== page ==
|| Shree Mumba Devi Prasanna ||


AGMARKNET
18 Apr 2024
Maize : Local Max Price: 2100 Min Price: 2100   |   Soanf : Soanf Max Price: 9000 Min Price: 6000   |  

Aquaculture


CMFRI proposes ‘shark hotspots’ to protect endangered species

CMFRI proposes ‘shark hotspots’ to protect endangered species

The ICAR-Central Marine Fisheries Research Institute (CMFRI) has proposed to demarcate "shark hotspots" in Indian waters to implement spatio-temporal fishing regulations, given the declining trend of shark catches.

Share with : Facebook Whatsapp Twitter Linkedin

KOCHI, 20 February 2024: The ICAR-Central Marine Fisheries Research Institute (CMFRI) has proposed to demarcate "shark hotspots" in Indian waters to implement spatio-temporal fishing regulations, given the declining trend of shark catches.

This move aims to safeguard endangered species, juveniles, and breeding adults from targeted fishing.

While presenting the status of shark fishery in India at a consultative meeting on the conservation of sharks held in Kochi, Dr Shoba Joe Kizhakudan, Head of the Finfish Fisheries Division of the CMFRI said that sharks have not evolved to withstand overexploitation. "They cannot reproduce fast enough to make up for the increasing number of deaths every year as most sharks have a long lifespan and low reproductive output", she said, adding that the presence of juveniles in landings further intensifies the threat to their sustainable population.

According to CMFRI, the landings of elasmobranchs, a group that includes sharks, rays, and guitarfish, declined by approximately 55?tween 2012 and 2022.

Dr. Kizhakudan stressed the importance of continuous monitoring and assessments and stakeholder awareness campaigns.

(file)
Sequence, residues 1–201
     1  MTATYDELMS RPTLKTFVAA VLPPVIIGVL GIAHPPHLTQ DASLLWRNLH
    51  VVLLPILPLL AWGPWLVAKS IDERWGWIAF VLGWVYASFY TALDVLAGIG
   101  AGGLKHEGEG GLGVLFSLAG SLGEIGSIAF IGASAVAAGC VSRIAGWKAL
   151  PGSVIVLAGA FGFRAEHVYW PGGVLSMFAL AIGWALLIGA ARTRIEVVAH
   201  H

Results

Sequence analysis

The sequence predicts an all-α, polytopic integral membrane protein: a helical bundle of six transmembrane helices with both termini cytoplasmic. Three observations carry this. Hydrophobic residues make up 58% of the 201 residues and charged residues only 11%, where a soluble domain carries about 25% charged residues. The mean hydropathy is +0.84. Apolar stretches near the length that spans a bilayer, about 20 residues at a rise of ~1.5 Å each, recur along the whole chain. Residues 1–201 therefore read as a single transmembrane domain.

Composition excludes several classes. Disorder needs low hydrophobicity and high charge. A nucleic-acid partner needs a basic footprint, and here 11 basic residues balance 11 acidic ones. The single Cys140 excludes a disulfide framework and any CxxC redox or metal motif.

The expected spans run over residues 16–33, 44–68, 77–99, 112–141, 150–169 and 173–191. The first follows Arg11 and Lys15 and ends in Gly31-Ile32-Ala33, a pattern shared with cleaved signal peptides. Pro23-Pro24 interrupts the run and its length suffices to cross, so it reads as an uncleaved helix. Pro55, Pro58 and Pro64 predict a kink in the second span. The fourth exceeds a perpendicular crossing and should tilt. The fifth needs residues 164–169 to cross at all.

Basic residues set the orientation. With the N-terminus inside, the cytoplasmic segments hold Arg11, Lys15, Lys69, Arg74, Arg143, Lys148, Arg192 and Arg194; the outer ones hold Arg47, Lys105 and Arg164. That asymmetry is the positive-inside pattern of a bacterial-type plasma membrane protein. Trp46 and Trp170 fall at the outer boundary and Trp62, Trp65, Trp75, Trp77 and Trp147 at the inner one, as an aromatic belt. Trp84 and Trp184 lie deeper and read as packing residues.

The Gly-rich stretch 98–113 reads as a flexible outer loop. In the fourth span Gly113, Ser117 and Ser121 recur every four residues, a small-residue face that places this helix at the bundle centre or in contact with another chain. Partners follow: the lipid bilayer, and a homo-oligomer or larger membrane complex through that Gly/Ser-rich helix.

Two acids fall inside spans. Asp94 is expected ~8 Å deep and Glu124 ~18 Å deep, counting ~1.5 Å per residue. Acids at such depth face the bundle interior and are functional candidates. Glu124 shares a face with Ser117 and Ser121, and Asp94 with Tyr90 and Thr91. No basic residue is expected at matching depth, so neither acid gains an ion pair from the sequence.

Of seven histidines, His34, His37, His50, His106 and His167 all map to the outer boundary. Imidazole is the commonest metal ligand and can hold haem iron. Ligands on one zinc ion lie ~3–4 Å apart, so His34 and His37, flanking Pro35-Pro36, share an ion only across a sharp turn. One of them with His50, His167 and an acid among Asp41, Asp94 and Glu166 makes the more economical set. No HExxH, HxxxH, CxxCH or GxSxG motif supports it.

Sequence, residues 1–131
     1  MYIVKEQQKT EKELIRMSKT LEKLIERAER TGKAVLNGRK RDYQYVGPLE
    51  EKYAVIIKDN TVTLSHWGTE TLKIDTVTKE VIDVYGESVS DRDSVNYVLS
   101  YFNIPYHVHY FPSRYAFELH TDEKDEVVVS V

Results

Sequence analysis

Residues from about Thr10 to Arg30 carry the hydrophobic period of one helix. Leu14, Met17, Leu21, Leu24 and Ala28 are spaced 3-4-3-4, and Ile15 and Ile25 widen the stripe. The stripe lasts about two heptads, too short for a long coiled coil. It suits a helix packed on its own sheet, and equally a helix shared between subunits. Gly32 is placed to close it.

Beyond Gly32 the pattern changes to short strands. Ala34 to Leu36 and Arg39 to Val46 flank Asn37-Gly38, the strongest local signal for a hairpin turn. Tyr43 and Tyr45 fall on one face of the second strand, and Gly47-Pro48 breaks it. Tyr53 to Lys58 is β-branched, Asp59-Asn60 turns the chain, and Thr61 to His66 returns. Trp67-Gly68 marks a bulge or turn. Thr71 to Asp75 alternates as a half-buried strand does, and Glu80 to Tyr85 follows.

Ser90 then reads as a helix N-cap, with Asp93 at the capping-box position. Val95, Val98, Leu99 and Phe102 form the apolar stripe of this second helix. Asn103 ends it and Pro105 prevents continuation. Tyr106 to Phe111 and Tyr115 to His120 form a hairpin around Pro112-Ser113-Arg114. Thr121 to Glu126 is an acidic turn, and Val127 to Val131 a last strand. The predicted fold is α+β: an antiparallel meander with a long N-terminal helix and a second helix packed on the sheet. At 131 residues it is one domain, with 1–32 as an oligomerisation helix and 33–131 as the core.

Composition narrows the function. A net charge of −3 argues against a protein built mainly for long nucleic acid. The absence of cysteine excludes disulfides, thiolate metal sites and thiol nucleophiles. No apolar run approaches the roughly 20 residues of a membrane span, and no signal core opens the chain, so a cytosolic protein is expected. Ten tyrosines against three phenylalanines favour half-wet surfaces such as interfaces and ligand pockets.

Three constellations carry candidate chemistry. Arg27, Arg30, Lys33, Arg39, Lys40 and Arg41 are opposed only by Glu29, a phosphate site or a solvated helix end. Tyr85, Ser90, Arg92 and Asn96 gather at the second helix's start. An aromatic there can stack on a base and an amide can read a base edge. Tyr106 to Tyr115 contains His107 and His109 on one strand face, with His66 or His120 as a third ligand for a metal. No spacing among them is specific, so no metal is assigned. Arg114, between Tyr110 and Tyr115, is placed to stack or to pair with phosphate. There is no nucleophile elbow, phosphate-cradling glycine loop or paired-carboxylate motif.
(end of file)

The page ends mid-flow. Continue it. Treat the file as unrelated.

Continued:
Highlighting CMFRI's research works on sharks, Director Dr A Gopalakrishnan said the institute in the next five years will focus on understanding the complex interplay between fishing activities and other factors affecting shark populations. This knowledge will be crucial for crafting effective conservation, sustainability and management strategies, and to ensure the livelihood security of coastal communities", he added.

“CMFRI has been recognised as CITES (Convention on International Trade in Endangered Species of Wild Fauna and Flora) Scientific Authority in India and is responsible for conducting Non-Detrimental Finding (NDF) studies on CITES-listed marine species. Six NDF documents covering 11 resources have been brought by the institute so far”, Dr Gopalakrishnan said.

He also said that annual landing estimates of 121 species of elasmobranchs from the Indian EEZ are being carried out by CMFRI.

“CMFRI’s expertise in elasmobranch research continues to receive global recognition. Our researchers were included in the IUCN (International Union for Conservation of Nature) Subject Specialist Groups and CITES panels.

The government of Oman has requested CMFRI's technical guidance for their shark and ray research programmes, including the use of classical and genetic taxonomic identification tools", CMFRI Director said.


© Copyright 2024 Agriculture Times. All rights reserved. Republication or redistribution of Agriculture Times content, including by framing or similar means, is expressly prohibited without the prior written consent.

Support our venture and help farming commmunity in India. If you want us the work better FUND US. For as little as INR 10, you can support2.jpg the AgriTimes™ and it only takes a minute. Thank you.

Partners